Letter to the editor: Thanks to police, state patrol for care of dementia patient

I was recently interviewed by KIRO news regarding my husband’s missing bicycle. My husband has a rare form of dementia called frontotemporal degeneration and progressive peripheral aphasia.  This has left him with very little ability to communicate and erratic behavior; however, he was an athlete and is still very strong. He is not eligible for placement as he is strong and easily agitated towards care partners.
We are trying to care for him at home but he is a wanderer. He refuses GPS and changes his gear, shoes, coats…etc. A few weeks ago several good citizens called 911 when he was found riding his bicycle on I-5. The Washington State Patrol picked him up and took him to safety. He can no longer drive a car so he took his bike. We disabled the bicycles but he was able to get his road bike repaired at a shop and took off again. This time he was found on I-90 walking in the median without his bicycle yet in all his riding clothes and shoes. A state trooper stopped him half way up the pass eastbound.
The reason I am writing you today is to give great thanks to the officers of the Edmonds Police Department and the Washington State Patrol in Snohomish County and King County. And thank you to the WSDOT workers on I-90 who reported him at 1:30 in the morning, as well as officers who patrol Snoqualmie and North Bend.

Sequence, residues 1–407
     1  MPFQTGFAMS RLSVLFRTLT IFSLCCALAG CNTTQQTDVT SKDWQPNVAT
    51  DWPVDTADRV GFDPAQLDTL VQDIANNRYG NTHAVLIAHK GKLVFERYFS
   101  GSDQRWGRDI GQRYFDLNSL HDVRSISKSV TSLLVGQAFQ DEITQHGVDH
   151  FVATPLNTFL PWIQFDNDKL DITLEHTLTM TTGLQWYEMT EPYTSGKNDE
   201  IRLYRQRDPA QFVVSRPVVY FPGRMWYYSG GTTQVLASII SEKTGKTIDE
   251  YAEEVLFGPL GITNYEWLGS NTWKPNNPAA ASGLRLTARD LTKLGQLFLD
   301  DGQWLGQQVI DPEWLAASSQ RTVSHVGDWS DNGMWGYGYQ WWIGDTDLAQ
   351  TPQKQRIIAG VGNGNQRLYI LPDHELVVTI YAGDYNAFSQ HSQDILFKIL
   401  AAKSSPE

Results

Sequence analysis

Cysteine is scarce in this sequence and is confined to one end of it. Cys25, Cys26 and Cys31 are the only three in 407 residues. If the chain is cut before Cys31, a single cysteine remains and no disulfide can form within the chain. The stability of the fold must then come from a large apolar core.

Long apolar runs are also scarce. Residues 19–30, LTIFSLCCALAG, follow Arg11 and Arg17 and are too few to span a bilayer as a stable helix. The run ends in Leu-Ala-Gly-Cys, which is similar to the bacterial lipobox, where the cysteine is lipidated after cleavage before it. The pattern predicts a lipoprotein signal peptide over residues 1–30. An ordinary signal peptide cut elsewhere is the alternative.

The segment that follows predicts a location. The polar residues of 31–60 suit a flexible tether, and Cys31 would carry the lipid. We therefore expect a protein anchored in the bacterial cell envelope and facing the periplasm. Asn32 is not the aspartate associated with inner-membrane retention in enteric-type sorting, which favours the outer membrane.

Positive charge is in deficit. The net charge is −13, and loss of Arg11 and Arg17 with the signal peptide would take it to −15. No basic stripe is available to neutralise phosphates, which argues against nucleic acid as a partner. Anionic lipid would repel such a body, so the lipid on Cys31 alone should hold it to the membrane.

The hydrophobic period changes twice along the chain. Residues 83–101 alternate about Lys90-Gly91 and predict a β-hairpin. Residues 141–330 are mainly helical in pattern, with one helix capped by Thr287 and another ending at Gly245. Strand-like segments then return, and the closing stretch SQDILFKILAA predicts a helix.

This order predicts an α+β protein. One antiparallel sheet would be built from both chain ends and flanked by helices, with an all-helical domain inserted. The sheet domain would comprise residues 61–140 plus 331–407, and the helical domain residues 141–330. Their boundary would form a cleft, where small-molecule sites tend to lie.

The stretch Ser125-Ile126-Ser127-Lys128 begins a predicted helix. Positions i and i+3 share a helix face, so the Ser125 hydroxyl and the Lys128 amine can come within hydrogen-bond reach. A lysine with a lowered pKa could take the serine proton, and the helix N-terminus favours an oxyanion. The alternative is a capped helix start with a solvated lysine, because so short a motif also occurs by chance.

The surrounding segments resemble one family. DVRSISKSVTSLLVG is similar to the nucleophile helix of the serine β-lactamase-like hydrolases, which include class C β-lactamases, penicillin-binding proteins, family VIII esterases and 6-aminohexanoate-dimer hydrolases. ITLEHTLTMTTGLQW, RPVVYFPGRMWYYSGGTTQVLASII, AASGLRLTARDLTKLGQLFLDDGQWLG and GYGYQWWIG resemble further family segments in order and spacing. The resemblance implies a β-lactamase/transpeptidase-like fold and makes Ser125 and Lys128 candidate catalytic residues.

I am so proud to be a citizen in Washington state that we have officers/troopers who are kind and sensitive to the issues and deep problems associated with dementia patients and their care partners.
Susan Stark

2 Replies to “Letter to the editor: Thanks to police, state patrol for care of dementia patient”

  1. Working in the Elder industry since 2004, and specifically the past several years with community members facing dementia, I am impressed and grateful to see this letter. Our police and fire are often the first to witness “unusual” behavior and it can be very difficult to isolate the cause. Treating another with dignity, kindness and inquiry while holding a focus toward safety can be a lot to navigate ~ and YES, let’s commend those who are doing this well! (Susan ~ thank you for being there for the deeply difficult care in your hands.)


  2. Thank you. Behavioral variant FTD PPA is difficult for many to understand. You obviously do understand and care.


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